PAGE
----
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Accounting for public enterprises


Comments / 1772 Views / Thursday, 22 December 2011 00:00


COMMITTEE on Public Enterprise (COPE) Chairman D.E.W. Gunasekera has called for the appointment of special accounting services to promote maintenance of accounts and professionalism. One can only highlight this as a big step in the right direction.

Media reports indicate that as much as Rs. 19 billion has been mismanaged by the 229 organisations monitored in 16 months, leading one to question: What steps will the Government take to minimise these excesses?

If previous COPE reports are any indication, this one too will face no action and lay gathering dust. However, it gives a glimpse of how deeply-embedded corruption, mismanagement and wastage are in the public system.

Despite declining to reveal the amount of wastage, Gunasekera admitted that it was essential for the public to consider the report as an “eye-opener” since COPE is not empowered to take legal action against any of these organisations.

In the preface of the document, which was released to the media, COPE outlines several recommendations, including updating corporate plans, having well-planned procurement documents and efficient audit and management committees as well as tabling of annual reports. Unsatisfactory recovery of debts and funds from retired officers, breach of agreements and wastage of public money due to legal issues were all highlighted in the report.

Loans between Government institutions include Rs. 10 million owed by Mihin Lanka to Rupavahini, Rs. 50 million owed by Sri Lanka Ports Authority to Ceylon Shipping Corporation, non-payment of interest by Mihin Lanka to Airport and Aviation services on a Rs. 500 million loan and Rubber Manufacturing and Export Corporation owing Rs. 115 million to People’s Bank and Rs. 1.4 billion to the Treasury, the report states.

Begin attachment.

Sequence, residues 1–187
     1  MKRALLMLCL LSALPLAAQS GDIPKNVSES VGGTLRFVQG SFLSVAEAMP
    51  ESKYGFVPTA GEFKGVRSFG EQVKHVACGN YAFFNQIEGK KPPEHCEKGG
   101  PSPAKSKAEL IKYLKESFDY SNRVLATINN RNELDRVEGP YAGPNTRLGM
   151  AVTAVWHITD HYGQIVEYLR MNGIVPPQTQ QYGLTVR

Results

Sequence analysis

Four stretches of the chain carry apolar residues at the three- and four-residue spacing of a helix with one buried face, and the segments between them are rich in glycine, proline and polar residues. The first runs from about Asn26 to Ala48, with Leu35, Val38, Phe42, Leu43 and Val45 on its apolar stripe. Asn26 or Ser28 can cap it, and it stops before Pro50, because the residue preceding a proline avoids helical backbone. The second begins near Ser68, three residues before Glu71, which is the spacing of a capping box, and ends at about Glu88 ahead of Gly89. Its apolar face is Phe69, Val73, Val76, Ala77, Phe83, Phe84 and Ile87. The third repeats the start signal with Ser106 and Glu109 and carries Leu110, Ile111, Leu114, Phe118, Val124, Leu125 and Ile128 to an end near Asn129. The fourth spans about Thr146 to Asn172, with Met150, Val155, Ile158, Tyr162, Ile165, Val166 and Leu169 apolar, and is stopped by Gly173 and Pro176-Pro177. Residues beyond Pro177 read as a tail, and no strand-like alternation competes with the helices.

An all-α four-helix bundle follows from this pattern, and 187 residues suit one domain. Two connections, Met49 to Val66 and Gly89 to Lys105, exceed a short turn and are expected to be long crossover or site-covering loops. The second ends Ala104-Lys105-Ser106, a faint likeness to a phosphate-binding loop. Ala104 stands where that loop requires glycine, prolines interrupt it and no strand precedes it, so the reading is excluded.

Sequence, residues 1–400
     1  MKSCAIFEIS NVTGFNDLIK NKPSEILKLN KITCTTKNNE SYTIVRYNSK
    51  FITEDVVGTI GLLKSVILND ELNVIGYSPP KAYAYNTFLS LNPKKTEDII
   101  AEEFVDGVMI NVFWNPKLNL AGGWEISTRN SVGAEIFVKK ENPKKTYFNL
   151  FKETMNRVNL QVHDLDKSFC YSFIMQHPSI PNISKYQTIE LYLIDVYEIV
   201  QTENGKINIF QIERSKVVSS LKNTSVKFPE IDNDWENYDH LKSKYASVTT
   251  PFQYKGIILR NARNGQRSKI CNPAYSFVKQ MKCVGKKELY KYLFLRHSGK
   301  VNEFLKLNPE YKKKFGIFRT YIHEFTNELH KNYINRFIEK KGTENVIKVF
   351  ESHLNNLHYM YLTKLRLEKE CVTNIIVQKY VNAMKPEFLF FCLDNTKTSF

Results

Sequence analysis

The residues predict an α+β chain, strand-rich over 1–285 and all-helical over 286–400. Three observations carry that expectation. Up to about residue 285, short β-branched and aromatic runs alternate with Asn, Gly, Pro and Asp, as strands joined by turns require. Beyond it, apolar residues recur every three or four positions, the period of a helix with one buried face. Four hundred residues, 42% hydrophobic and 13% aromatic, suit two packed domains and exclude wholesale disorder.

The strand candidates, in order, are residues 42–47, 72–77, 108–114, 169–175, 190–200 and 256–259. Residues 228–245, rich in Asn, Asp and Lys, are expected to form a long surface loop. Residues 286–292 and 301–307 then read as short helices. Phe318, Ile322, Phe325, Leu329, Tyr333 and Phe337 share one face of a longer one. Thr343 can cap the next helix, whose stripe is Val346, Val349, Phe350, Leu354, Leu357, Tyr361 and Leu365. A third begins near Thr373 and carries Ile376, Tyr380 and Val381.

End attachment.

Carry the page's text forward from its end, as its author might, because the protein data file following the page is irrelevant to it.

Universities have also lost millions. Peradeniya University (Rs. 105 million), Hector Kobbekaduwa Research Institute (Rs. 11 million), Open University (Rs. 40 million), Moratuwa University (Rs. 17 million) and Sri Jayawardenapura (Rs. 69 million) were the noteworthy ones. Moreover, the Open University is guilty of spending millions to construct buildings on land they did not have clear ownership of. It is indeed disturbing that institutions that are tasked with instilling education and ethics in Sri Lanka’s future generation cannot seem to get their own act together.

In the State Mortgage and Investment Bank, a number of loans had been defaulted after paying only one or two instalments. Rupavahini had taken no effort to recover Rs. 42 million for use of airtime from various parties.

Loss-making institutions for 2010 were numbered at 48, including Sri Lanka Tea Board, State Pharmaceutical Corporation, National Child Protection Authority, CPC, CEB, Mahaweli Authority, Mihin Lanka, Sri Lanka Ports Authority, Samurdhi Authority, Sri Lanka Transport Board, Disaster Management Centre, Road Development Authority, Urban Development Authority and even National Enterprise Development Authority.

COPE has called on the internal auditor and the Treasury to be more vigilant of the funds that are disbursed and accounted by them. Abandonment of projects, underutilisation of assets and outdated procedures were also outlined in a chunky document. A professional accounting service would only be a start to minimising wastage.

It is therefore clear that action must be taken to name and shame the officials and politicians who are responsible for this gross wastage. The public must hold them accountable and demand mechanisms through which they can be brought to book or the plague of corruption will malign Sri Lanka forever.

 


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